A full-page ad in a German publication from 1901, singing the praises of sugar:
Enjoy sugar, not only because it increases the pleasant taste, but rather because it is a valuable food and at the same time cheaper than other nutrients such as fat and protein.
The middle part details how to enjoy sugar: in tea and coffee, in all milk and water soups, in all hard to digest vegetables and salads, on bread (in the form of jam, as cheap substitute for butter), in the form of preserved fruits, and, for breastfeeding women, in malt beer.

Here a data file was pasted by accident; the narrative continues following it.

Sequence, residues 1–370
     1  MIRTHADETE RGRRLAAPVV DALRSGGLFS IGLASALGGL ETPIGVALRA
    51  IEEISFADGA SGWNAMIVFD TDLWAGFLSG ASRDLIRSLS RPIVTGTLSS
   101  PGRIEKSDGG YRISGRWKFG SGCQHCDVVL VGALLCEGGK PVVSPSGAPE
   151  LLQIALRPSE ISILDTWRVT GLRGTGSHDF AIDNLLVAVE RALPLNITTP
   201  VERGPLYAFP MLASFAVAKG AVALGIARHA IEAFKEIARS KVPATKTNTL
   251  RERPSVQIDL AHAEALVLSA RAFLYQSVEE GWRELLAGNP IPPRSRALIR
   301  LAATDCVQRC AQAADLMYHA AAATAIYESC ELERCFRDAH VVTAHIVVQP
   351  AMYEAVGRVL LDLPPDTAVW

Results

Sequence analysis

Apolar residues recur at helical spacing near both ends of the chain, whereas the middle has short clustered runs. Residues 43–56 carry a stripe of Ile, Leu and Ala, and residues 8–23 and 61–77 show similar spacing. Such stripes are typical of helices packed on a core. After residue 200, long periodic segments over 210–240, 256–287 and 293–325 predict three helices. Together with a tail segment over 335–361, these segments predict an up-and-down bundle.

The bottom part addresses “smart mothers” and “smart housewives”. The former are asked not to deprive their children of sugar:
It is a wise institution of nature that children crave sweet foods and drinks; it is as if they know it that they cannot thrive without sugar.
“Zucker / Zucker / Zucker” and the triple-underlined “Kluge Mütter / Kluge Hausfrauen” are set in Stempel’s Morris-Gotisch. This adaptation of Morris Troy is distinguished from William Morris’s original – as well as from other German releases under the same name including those by Berthold and Ludwig & Mayer – by a different g. It also sports an uncial-like M which might be unique to the Stempel version.